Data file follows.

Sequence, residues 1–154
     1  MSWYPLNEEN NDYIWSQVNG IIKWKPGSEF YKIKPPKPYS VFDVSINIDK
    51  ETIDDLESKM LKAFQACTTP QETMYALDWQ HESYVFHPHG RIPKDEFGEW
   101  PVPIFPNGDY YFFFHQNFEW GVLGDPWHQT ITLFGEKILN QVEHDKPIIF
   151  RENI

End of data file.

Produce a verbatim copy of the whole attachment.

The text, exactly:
Sequence, residues 1–154
     1  MSWYPLNEEN NDYIWSQVNG IIKWKPGSEF YKIKPPKPYS VFDVSINIDK
    51  ETIDDLESKM LKAFQACTTP QETMYALDWQ HESYVFHPHG RIPKDEFGEW
   101  PVPIFPNGDY YFFFHQNFEW GVLGDPWHQT ITLFGEKILN QVEHDKPIIF
   151  RENI